Maternal and Child Health Journal

, Volume 17, Issue 8, pp 1508–1517

A Qualitative Study of Gestational Weight Gain Counseling and Tracking

Authors

    • Obesity Prevention Program, Department of Population MedicineHarvard Medical School and the Harvard Pilgrim Health Care Institute
  • Karen Switkowski
    • Obesity Prevention Program, Department of Population MedicineHarvard Medical School and the Harvard Pilgrim Health Care Institute
    • Friedman School of Nutrition Science and PolicyTufts University
  • Sarah Price
    • Obesity Prevention Program, Department of Population MedicineHarvard Medical School and the Harvard Pilgrim Health Care Institute
  • Lauren Guthrie
    • Obesity Prevention Program, Department of Population MedicineHarvard Medical School and the Harvard Pilgrim Health Care Institute
  • Elsie M. Taveras
    • Obesity Prevention Program, Department of Population MedicineHarvard Medical School and the Harvard Pilgrim Health Care Institute
  • Matthew Gillman
    • Obesity Prevention Program, Department of Population MedicineHarvard Medical School and the Harvard Pilgrim Health Care Institute
  • Jonathan Friedes
    • Harvard Vanguard Medical Associates
  • William Callaghan
    • Division of Reproductive HealthCenters for Disease Control and Prevention
  • Patricia Dietz
    • Division of Reproductive HealthCenters for Disease Control and Prevention
Article

DOI: 10.1007/s10995-012-1158-9

Cite this article as:
Oken, E., Switkowski, K., Price, S. et al. Matern Child Health J (2013) 17: 1508. doi:10.1007/s10995-012-1158-9

Abstract

Excessive gestational weight gain (GWG) predicts adverse pregnancy outcomes and later obesity risk for both mother and child. Women who receive GWG advice from their obstetric clinicians are more likely to gain the recommended amount, but many clinicians do not counsel their patients on GWG, pointing to the need for new strategies. Electronic medical records (EMRs) are a useful tool for tracking weight and supporting guideline-concordant care, but their use for care related to GWG has not been evaluated. We performed in-depth interviews with 16 obstetric clinicians from a multi-site group practice in Massachusetts that uses an EMR. We recorded, transcribed, coded, and analyzed the interviews using immersion-crystallization. Many respondents believed that GWG had “a lot” of influence on pregnancy and child health outcomes but that their patients did not consider it important. Most indicated that excessive GWG was a big or moderate problem in their practice, and that inadequate GWG was rarely a problem. All used an EMR feature that calculates total GWG at each visit. Many were enthusiastic about additional EMR-based supports, such as a reference for recommended GWG for each patient based on pre-pregnancy body mass index, a “growth chart” to plot actual and recommended GWG, and an alert to identify out-of-range gains, features which many felt would remind them to counsel patients about excessive weight gain. Additional decision support tools within EMRs would be well received by many clinicians and may help improve the frequency and accuracy of GWG tracking and counseling.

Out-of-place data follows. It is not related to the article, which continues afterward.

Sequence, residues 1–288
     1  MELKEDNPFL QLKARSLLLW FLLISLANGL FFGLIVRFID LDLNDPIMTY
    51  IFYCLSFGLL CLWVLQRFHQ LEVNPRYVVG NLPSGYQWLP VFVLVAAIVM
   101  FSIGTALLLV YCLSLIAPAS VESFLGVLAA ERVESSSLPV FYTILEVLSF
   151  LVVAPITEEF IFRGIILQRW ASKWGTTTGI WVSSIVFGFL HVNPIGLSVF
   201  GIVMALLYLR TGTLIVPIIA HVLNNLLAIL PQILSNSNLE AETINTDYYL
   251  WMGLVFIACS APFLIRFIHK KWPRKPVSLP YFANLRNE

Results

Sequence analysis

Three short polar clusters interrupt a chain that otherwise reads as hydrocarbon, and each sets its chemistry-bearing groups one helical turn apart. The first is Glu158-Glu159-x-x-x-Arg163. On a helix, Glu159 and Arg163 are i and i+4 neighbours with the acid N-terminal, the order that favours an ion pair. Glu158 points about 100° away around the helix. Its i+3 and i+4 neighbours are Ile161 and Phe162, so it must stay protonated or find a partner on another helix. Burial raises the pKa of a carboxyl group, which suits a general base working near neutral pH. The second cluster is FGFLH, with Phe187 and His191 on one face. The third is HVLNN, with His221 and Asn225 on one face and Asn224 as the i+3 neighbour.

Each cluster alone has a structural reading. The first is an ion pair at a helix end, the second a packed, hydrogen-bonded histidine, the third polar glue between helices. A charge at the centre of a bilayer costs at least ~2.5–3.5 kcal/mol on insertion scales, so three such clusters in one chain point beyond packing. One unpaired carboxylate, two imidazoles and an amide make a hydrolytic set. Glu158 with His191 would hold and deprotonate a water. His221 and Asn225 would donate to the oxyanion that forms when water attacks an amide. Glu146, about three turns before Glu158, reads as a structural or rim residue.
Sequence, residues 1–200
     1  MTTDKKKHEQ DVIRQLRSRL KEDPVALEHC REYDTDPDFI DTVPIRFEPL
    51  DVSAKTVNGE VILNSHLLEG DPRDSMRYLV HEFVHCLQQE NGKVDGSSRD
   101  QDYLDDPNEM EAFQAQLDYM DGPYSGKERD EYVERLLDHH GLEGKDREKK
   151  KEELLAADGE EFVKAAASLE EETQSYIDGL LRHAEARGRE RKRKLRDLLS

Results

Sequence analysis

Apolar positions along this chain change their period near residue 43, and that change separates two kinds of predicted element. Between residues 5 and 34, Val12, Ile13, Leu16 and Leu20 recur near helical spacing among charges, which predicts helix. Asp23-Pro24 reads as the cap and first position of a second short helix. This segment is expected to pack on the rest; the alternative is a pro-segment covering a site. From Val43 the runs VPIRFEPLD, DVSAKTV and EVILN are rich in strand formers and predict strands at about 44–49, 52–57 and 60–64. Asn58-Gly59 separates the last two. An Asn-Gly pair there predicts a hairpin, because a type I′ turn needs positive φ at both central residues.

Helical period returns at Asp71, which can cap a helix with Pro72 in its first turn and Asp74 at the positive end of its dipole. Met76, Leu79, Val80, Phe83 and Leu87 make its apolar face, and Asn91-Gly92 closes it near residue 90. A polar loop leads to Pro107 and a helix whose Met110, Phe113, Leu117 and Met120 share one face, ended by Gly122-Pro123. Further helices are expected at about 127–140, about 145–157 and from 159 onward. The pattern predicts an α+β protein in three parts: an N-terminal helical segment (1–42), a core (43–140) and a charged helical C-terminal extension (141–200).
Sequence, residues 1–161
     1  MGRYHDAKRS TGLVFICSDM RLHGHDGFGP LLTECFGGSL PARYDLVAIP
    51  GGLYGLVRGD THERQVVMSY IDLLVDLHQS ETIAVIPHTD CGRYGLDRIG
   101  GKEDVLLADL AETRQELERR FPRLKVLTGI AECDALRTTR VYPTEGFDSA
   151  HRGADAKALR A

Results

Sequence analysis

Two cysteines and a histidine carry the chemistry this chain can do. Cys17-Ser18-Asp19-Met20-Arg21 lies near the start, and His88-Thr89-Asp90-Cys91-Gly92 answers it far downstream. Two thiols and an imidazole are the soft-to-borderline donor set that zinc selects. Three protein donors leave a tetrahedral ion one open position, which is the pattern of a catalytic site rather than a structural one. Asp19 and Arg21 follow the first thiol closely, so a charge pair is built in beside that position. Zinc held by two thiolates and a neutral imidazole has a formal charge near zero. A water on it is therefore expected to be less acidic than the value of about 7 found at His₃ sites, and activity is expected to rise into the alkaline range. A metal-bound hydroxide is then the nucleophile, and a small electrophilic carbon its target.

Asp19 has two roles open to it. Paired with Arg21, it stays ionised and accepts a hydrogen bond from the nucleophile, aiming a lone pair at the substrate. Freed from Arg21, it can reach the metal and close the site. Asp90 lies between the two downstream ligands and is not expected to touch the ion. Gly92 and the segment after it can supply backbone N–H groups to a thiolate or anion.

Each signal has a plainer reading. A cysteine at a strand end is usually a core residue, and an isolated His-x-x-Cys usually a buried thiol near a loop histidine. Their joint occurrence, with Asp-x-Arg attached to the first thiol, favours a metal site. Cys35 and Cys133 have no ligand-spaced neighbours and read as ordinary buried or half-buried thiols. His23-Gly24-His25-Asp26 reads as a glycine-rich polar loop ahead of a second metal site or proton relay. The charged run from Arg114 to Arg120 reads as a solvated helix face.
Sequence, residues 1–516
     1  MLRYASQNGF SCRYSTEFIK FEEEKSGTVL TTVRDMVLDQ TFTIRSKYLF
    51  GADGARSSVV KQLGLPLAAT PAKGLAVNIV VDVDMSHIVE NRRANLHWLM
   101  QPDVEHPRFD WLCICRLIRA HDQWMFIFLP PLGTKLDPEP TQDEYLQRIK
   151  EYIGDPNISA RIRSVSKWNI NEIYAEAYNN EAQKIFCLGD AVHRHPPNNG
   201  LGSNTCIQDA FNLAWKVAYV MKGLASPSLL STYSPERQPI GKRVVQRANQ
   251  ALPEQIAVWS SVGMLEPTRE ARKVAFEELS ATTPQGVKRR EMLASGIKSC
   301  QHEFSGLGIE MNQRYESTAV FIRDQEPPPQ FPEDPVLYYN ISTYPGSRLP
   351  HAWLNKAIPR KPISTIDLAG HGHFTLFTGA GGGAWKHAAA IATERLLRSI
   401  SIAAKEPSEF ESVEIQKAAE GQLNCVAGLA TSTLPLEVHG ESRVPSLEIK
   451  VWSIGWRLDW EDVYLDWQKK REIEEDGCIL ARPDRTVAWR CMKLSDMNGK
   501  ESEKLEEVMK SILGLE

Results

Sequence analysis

Keywords

Gestational weight gain Obstetrics Electronic medical record Counseling

Copyright information

© Springer Science+Business Media New York 2012